Shepherds

English: The loneliness of Culloden Culloden i...

English: The loneliness of Culloden Culloden is one of the few areas that I leave feeling full of sadness. This lonely tree at the sight says it all. (Photo credit: Wikipedia)

Everyone experiences  loneliness and isolation.  Some people experience it more than others.  They may have a greater need to be connected to others, or they may have lost and never a significant connection in their lives.  Some are lonely because there are not other people around.  Others are lonely because they have a sense of isolation even though they are in a crowd.  I suspect that a lot of our loneliness is about the sense of connection we have to other people.

Shepherds are often alone, even today.  They face a great deal of isolation as they care for the sheep.  Maybe that is why they were invited to the birth of Jesus.  God chose to reach out to those who were isolated and alone.  God chose to share with them because God wants to offer to all a connection to something more.  God wants us to know, especially those of us who are lonely and isolated, that we do not have to be alone.  We are invited into God’s story.  God wants us there are God interacts with humanity.  God wants us to be a part of something more.

This Advent and Christmas, realize that God is with you.  Invite others to be a part of the experience of God.

Modern Shepherd

Advertisements

Communication Tool

Communication

Communication (Photo credit: P Shanks)

This week ends the Easter  season in the life of the church.  While many of us have long since put away our Easter baskets and chocolate bunnies, the church celebrates for 50 days.  In this time, the church celebrates the new life offered in Jesus Christ who has conquered death.  The season ends as we celebrate Pentecost Sunday.  We celebrate the gift of the Holy Spirit.  The Holy Spirit came  upon the disciples as well as the people who happened to be present in the town that day.

The Spirit allowed Peter to speak to everyone in a way that they could understand.  The Spirit allowed the people to understand what Peter was saying.  Even though this was a multicultural gathering of people who spoke different languages, the Spirit allowed comprehension.  One of the first gifts of the Holy Spirit was effective communication. More often than not, we need divine intervention for effective communication. This is a gift that is available to all, but we often try to rely on our own abilities.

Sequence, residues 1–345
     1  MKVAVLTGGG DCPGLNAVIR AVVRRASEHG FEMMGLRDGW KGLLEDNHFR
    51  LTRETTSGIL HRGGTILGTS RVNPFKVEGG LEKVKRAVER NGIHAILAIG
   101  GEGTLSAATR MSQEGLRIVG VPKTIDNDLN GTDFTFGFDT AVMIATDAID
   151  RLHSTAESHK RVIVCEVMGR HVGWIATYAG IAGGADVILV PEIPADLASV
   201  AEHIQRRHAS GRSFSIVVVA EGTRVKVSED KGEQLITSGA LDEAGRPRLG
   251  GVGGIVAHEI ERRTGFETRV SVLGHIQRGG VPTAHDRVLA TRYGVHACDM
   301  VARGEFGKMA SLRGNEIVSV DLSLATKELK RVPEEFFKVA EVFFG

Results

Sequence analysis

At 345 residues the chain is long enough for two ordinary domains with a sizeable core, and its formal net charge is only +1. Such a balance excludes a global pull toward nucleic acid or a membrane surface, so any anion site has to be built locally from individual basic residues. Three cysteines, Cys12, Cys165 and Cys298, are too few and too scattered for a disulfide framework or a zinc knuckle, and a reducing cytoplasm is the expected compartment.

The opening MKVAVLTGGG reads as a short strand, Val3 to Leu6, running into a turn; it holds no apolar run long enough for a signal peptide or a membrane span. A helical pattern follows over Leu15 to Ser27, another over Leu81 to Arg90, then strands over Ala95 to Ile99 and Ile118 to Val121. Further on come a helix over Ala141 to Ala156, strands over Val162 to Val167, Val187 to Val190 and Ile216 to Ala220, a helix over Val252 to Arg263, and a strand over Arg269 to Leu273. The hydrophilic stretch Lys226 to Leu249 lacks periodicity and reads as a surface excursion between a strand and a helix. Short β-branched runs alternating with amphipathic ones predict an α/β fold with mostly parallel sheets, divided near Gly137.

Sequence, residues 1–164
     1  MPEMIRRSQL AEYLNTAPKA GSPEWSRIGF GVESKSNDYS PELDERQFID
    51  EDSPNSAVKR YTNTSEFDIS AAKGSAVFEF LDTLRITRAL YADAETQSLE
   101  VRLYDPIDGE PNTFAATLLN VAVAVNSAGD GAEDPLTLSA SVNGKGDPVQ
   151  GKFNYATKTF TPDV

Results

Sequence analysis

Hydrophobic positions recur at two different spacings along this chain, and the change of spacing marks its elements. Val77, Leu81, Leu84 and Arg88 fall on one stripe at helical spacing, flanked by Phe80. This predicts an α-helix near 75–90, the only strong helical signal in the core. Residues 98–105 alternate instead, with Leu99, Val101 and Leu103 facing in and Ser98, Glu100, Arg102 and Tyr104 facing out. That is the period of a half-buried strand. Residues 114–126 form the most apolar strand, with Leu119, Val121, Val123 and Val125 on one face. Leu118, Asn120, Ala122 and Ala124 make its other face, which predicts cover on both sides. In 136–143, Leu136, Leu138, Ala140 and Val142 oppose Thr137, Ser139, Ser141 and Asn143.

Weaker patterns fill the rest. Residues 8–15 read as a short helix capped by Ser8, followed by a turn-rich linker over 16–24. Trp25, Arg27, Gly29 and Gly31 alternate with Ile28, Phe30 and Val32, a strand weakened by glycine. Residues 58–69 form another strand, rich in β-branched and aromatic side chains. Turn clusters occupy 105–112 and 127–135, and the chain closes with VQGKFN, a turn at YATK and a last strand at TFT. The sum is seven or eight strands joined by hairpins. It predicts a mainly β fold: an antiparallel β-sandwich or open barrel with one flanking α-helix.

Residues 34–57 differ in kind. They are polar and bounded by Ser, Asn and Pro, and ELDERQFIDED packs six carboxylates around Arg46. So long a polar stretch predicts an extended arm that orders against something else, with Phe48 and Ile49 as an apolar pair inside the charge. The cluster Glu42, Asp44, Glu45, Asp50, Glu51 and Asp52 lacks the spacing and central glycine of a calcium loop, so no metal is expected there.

Consider the typical behavior when we encounter someone who speaks another language.  We speak more slowly and more loudly.  Somehow we think that this will bring comprehension to the listener.  We do the same thing, at times, with those who disagree with us.  We decide that they would agree with us if they understood our point.  So we repeat our point.  We continue to repeat our point, convinced that the listener was just not paying attention.  Instead of these pointless repetitions, we need divine intervention.  We need the Spirit to come and flow through both the speaker and the listener.  We need new ears for hearing as well as a new voice for speaking.

  May the wind of the Holy Spirit come into all of your communications and create more effective communication.

Hero or Savior

Cristo Redentor, statue on Corcovado mountain ...

Cristo Redentor, statue on Corcovado mountain in Rio de Janeiro (Photo credit: Wikipedia)

Bonnie Tyler sang “Holding Out for a Hero”.  She first released the song in 1984, but I remember it most from the soundtrack of the movie “Footloose”.  Some days I feel that is my song, or at least my desire.  I want someone to come and take care of all the things in my life that seem to be overwhelming me.  Maybe you know this feeling.  She is looking for Superman.  She is looking for the cowboy-in-white-hat who will rescue her.  I imagine that most of us, if not all of us, have a dream that there is one who will come and rescue us.  We want a hero who will clean up our mess, shoulder some of our burden, help us out, and generally relieve some of our stress.

 

We want to be saved from our to-do lists, our work, our chores, our responsibilities, and our lives.  I think we are looking for a savior more than a hero.  We want someone to save us from ourselves.  We want someone to save us from the tidal wave of responsibilities and work that threaten to overcome us.

 

We already have a Savior, but we sometimes forget that our Savior is not the bust-down-the-door type of Savior.  Our Savior is often waiting and wanting to be included in our lives.  Our Savior helps us realize that while there are many things we need to do, this is all temporary.  Our lives are bigger than the daily demands we and others put upon ourselves.  We are a part of the kingdom of God.  The things of this world are all temporary.  We have a Savior who has conquered even death itself, so we don’t need to allow the things of this life to overwhelm us.  We have Jesus Christ, a Savior.  Allow your desires for a hero to be shared with Jesus.  Allow the Savior to share your burdens.  In this sharing, we find comfort, peace, and a new perspective.  Hold out for more than a hero.  Hold out for a Savior.